Skip to main content

Workforce money to go for dropouts in St. Joseph County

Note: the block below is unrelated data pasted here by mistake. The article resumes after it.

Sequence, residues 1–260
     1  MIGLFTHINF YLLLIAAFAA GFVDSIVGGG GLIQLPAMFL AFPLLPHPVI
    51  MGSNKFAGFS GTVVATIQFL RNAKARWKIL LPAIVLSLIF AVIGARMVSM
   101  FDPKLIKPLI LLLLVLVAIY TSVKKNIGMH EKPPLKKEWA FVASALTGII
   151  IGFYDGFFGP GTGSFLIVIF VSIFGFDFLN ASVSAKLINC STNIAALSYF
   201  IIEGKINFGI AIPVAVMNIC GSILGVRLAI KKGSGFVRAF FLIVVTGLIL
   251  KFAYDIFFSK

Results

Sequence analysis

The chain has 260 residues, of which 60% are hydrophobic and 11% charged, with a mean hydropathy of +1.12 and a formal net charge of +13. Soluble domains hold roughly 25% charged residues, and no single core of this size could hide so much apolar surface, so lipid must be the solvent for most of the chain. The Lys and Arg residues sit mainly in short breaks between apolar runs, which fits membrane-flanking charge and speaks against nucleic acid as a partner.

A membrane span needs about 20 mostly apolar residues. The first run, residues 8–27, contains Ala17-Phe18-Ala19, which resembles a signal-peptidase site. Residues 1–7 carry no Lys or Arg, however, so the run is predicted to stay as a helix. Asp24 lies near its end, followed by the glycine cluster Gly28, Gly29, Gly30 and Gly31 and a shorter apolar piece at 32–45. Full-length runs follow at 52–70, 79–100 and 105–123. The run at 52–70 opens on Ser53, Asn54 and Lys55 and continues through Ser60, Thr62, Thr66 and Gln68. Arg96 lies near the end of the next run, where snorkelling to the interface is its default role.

By JOSEPH DITS Tribune Staff Writer SOUTH BEND — The Crossing alternative school has won federal funding to help up to 50 high school dropouts from St. Joseph County — ages 17 to 21 — to finish their degree and get training in a new career. Dexter Harper and Amanda Heritz hope to be among them. Both stopped coming to Adams High School last year, both juniors who’d felt out of place. They were in their third day of studies today at The Crossing, looking no different than the peers next to them who’d suggested they finish their high school degrees here. They focused quietly on math and biology exercises over the computer — all part of The Crossing’s self-paced curriculum. “It’s very calm and chilled,” Dexter said. If accepted, they’ll spend part of their day learning vocational skills. Dexter, 18, might pursue welding or construction. Amanda, 17, is interested in nursing. The new funding would allow them to learn those skills at either The Apprentice Academy or Ivy Tech Community College. The idea is to fill needed jobs in the region. First, the students must meet criteria that aren’t required of other students at The Crossing. The funding from the federal Workforce Investment Act requires that the students be low income and show other kinds of barriers, like coming out of foster care or having been involved in the courts. But most of the students here would qualify anyway, said Kathleen Randolph, president and CEO of Partners for Workforce Solutions, which has the contract to run the local WorkOne program. Students cannot drop out of another school just to join this program. They must already be dropouts, said The Crossing’s director, Rob Staley, who said he’ll be out recruiting young people at community centers. “The traditional schools have not served them well,” he said. “This is a second-chance opportunity. We don’t want to pull them out of public schools.” The students would spend three hours a day in The Crossing’s South Bend campus at Southgate Church. One of the school’s unique twists is its “family time,” where students sink into couches and talk about their lives and dreams. They sit below a sign that reads, “We love God, love people, love life.” They pray. But, said teacher Stacy Handschu, they can opt out of that if it make them feel uncomfortable. Students usually have no problem with it, she said. WorkOne funding is for one year and provides $3,000 per student per semester. That means free tuition for the students. Most of The Crossing’s students pay $25 to $50 a month, which is kept low because of scholarships, Staley said. He said The Crossing will still have to raise about $2,000 in scholarship money for the WorkOne students. That’s less than half of what it raises for other students. Staley said the new money will allow the student body to grow. The school already teaches 50 to 60 students per year from St. Joseph County, a generally younger group between ages 14 and 20. The students can earn either a high school diploma or a GED. After that, WorkOne will help the students to pay for extra education toward any kind of college degree or vocational certificate. Randolph said it will have to be in field that’s considered a growth area for WorkOne’s Region 2, which covers St. Joseph, Elkhart, Fulton, Kosciusko and Marshall counties. That includes advanced manufacturing, where computer technology is used to run factory machines. It includes the field of health information technicians, but it doesn’t include nursing because there already are enough nurses in the education pipeline, Randolph said. “We do career advising to help the students understand where the jobs are and what the salaries are,” she said. ——————————————————————————– Staff writer Joseph Dits: (574) 235-6158]]>